Saturday, July 14, 2012

The Learning Curve ( Always More with Diabetes)

I do not profess to know everything there is to know about type 1 diabetes.

First, I do not actually have type 1 diabetes and secondly, my kids are still growing and hitting new stages of living with type 1 diabetes.

What we dealt with at age 3 is very different than what we will be dealing with at age 13 or 33 or 83. 

Our life with type 1 diabetes changes hourly sometimes.  Nothing like a new infusion site at 10:00 p.m., only to realize that it failed at 3:00 a.m., to remind you that type 1 diabetes is fickle at best.

I am also careful in not getting caught in that trap of perfection with managing type 1 diabetes.  This is a journey and we live a real life that centers around raising two little girls and incorporating type 1 diabetes into our life (not the other way around).  Kids first, diabetes second.

We try our best but it will always be an art, not a science.

This mentality helps me when it comes to things like the A1c appointment (or that dreaded Parent Report Card).

At our appointment yesterday, as I listened to advice that our Endocrinologist provided regarding options for better type 1 diabetes care, I had to resist the urge to defend myself.  The conversation went a little bit like this:

"Are you pre-bolusing before meals?"

We (our family) nod in unison and explain that the girls bolus and then eat.

"But you don't wait 15 minutes?  That might help."

I wasn't even sure why I felt defensive in the first place.  It wasn't as though we were doing anything wrong.  I actually had to remind myself that we are at the A1c appointments for suggestions just like this.  Helpful suggestions like waiting a little bit longer before eating.  Why did a simple suggestion bother me so much?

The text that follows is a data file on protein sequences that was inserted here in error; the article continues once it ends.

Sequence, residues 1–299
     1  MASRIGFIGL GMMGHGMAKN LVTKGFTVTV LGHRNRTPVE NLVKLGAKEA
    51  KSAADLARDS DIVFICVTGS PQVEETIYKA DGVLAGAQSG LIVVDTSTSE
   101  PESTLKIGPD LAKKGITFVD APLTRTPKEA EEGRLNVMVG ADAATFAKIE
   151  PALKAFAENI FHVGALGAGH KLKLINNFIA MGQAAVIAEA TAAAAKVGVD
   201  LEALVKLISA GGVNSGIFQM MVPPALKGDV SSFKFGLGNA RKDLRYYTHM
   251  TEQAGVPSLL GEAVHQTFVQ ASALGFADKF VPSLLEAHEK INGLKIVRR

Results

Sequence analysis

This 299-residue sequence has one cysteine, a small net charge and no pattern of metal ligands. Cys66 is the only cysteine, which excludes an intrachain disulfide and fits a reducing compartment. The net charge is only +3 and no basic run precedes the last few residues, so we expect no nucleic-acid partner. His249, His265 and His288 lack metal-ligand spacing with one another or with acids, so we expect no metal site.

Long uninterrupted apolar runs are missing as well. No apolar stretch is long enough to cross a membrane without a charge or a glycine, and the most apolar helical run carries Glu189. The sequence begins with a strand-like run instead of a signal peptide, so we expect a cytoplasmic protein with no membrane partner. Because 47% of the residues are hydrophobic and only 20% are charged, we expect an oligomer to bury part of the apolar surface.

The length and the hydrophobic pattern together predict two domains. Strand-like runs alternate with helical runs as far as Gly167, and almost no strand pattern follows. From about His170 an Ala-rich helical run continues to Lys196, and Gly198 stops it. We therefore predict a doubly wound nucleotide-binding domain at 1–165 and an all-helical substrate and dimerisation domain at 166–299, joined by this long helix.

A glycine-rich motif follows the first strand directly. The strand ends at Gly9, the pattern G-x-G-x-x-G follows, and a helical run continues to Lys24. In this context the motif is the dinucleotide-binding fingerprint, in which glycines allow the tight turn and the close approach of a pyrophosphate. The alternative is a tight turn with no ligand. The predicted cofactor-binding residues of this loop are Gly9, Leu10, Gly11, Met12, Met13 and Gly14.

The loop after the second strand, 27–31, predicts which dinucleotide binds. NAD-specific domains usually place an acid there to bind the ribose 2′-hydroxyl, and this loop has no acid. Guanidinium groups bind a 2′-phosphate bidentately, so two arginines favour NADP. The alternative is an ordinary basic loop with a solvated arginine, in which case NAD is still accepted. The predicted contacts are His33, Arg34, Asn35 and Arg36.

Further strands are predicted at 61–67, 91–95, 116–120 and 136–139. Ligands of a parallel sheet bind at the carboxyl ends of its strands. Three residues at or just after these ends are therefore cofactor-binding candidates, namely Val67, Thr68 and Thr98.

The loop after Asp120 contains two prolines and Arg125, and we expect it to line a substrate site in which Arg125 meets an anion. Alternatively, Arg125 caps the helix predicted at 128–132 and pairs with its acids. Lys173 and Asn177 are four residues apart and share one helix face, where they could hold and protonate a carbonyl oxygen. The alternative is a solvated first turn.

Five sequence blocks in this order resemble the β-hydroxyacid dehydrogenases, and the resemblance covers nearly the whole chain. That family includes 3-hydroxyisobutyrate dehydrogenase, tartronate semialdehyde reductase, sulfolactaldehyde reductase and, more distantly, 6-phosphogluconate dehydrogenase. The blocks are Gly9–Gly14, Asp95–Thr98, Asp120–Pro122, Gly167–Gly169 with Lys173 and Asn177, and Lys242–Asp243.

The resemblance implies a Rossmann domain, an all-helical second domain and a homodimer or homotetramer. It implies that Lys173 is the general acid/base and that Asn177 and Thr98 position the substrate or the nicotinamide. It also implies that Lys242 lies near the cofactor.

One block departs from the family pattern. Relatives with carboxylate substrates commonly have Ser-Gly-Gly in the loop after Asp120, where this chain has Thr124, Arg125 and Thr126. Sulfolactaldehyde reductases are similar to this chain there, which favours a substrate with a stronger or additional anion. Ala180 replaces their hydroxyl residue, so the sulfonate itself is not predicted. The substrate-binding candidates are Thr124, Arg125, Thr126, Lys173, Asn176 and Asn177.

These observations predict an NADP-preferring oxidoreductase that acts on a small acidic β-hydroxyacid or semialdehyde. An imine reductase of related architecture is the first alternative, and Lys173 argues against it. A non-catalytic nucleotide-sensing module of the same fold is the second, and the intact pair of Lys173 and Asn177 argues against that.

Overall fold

There is nothing wrong with getting opinions and I know it would be foolish to suddenly start rejecting new ideas just because I felt defensive. 

Instead, I got my thoughts in order and realized what I really needed was an idea on how to make pre-bolusing 15 or even 10 minutes ahead happen. 

I asked our Endocrinologist, "How do you tell two very hungry children that before they can eat, they must sit at the table and wait for 15 minutes?  This is a real life family after all.  When they are hungry, they are hungry and it is difficult to say wait."

In turn, she nodded her head and agreed with us. 

This question sparked up a very helpful brainstorming session between all of us; our Endo, the girls and myself.  It also helped to remind our doctor that sometimes things aren't as simple as they seem.  Yes, waiting for 15 minutes is a great idea, fantastic even.  Truthfully though, it is difficult.  When someone is hungry without diabetes, they just dive right in.  No waiting is necessary. 

We ended the conversation by solving it with mom (me) making an announcement in the morning.  We decided that when I wake them, to put in their breakfast carbs while they are still upstairs in their beds.  Forgetting lunch altogether and dealing with it best as we can.  At dinner, mom making another announcement for what dinner will be and asking the girls to pre-bolus before even stepping foot in the kitchen.

It's not perfect, but it works.  Most importantly it is a helpful suggestion and one that I know will improve our girls care at this age of type 1 diabetes life.

Thank you Ms. Endo!  We'll let you know how it goes.... to be continued!





3 comments:

Amy Karpy said...

Well done mom! Love the way you think!!!! <3

Naturally Sweet Sisters said...

It is sure is a journey... and one that I have to remind myself about every day. Besides all that testing, calculating, dosing, t1d sure can mess with your MOJO as a parent. Glad that someone else feels the same way and refuses to let it happen!

Moosa S. Zaidi said...

Glad that someone else feels the same way and refuses to let it happen!


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